• Ada Lovelace wrote the first computer program.
  • Informally they’re known as the Mercury 13, after a great book by Martha Ackmann. This group of women underwent astronaut training in the late 50s and early 60s. Several of them performed better than the Mercury 7 astronauts during testing, yet the final decision was that women didn’t belong in space.
  • Mary Leakey was another accomplished paleontologist, often overshadowed by her husband and later one of her son’s, also scientists. She discovered the first fossilized Proconsul skull, an ancestor to humans, and the earliest known human footprints.
  • Grace Hopper was one of the first programmers of the modern computer and wrote the first compiler, COBOL, and other programs.
  • Thanks to women, the United States continued operations during World War II as men of draft age were called into service. Women tested and transported new airplanes. They monitored the weather for government weather agencies. They ran new computer devices and kept the factories operational. Approximately five million women entered the workforce between 1940-1945 and performed the jobs that needed doing. And even though they performed their jobs well, many were fired when the war ended.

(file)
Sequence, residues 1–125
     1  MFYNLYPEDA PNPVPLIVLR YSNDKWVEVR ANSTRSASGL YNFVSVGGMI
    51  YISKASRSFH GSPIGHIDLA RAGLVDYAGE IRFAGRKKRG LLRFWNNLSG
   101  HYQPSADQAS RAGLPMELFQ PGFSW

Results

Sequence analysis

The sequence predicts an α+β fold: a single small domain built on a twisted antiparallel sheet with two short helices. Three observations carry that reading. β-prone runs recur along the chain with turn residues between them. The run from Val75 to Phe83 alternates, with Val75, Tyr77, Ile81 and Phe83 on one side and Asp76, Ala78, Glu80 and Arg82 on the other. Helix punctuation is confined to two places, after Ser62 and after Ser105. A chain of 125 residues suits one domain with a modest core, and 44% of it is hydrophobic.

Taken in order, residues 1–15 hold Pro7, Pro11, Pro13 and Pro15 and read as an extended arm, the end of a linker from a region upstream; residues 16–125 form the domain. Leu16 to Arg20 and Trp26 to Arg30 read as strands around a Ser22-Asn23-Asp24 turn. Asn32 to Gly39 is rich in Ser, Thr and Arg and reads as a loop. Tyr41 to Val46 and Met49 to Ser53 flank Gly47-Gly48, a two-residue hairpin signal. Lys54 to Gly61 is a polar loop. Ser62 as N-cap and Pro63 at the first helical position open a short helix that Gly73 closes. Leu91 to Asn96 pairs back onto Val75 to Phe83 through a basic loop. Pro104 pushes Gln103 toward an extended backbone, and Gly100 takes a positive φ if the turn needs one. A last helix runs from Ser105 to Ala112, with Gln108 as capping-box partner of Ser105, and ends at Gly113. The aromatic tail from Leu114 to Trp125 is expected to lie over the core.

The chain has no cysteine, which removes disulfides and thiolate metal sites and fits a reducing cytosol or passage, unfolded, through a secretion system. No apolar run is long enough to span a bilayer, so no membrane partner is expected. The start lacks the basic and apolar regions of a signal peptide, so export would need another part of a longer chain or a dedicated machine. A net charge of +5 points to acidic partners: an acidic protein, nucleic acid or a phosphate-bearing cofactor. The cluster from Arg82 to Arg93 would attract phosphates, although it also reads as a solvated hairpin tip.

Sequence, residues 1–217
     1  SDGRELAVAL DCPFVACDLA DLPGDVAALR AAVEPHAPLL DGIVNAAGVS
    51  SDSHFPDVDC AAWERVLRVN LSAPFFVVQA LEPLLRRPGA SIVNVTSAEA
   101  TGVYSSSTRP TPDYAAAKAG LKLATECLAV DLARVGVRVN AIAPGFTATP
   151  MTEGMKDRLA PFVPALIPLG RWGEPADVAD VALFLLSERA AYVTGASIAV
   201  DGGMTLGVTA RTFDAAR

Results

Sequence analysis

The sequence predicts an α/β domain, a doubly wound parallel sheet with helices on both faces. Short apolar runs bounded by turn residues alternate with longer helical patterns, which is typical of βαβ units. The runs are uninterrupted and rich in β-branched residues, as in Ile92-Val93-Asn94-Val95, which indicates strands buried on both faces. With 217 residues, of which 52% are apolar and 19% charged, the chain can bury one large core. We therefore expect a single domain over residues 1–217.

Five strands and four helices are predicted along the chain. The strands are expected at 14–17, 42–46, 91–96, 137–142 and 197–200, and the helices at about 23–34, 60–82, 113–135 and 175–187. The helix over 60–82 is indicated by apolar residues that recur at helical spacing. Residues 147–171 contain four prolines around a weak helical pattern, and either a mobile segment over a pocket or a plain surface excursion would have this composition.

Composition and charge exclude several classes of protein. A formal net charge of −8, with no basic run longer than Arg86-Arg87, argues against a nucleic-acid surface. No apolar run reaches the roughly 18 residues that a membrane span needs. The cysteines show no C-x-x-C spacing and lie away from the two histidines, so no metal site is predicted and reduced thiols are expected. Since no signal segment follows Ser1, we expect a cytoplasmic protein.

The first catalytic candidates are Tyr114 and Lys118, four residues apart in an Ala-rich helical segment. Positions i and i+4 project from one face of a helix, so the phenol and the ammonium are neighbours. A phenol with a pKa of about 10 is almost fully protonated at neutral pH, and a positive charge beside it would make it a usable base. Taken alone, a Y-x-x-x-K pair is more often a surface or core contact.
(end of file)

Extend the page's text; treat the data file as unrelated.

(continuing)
To paraphrase something said before—Women’s History is Everyone’s History.

 

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Illinois is 200!

I just received my advanced copies of the March-April issue of Midwest Traveler. The cover story is my Illinois bicentennial article. I once lived in Illinois and loved it. We lived in the Chicago suburbs, and for a girl from Texas, the varied cultures and experiences that made up Illinois were fascinating.

 

 

 

Since it has been awhile since I lived in Illinois, I returned last autumn for a research trip. I thought I knew the Loop and lake area. I have memories of visiting Springfield. But I saw everything with new eyes while I was there. I had a blast even though it rained during much of my visit.

Even though it felt new, I took an unexpected trip back in time. What was the catalyst? Oddly enough, it wasn’t the “L” rattling by, the Sears Tower with a new name, or even my favorite Field Museum sitting on Lake Michigan’s shores. It was a giant orange sculpture standing 53 feet in the air. Named the Flamingo, the sculpture by Alexander Calder was an early piece of public art in the city.

 

Was it a special favorite of mine when I lived in Chicago? Not that I recall. But just like smells can bring memories of other times, the site of this steel sculpture recalled my time in Illinois and I felt immense joy.

 

If you have the opportunity to visit Illinois during 2018, do. And if you already live there, it’s time to take a vacation in your backyard. Lots of people have worked very hard to make this year-long celebration a blast. You can find out more about it at Illinois200.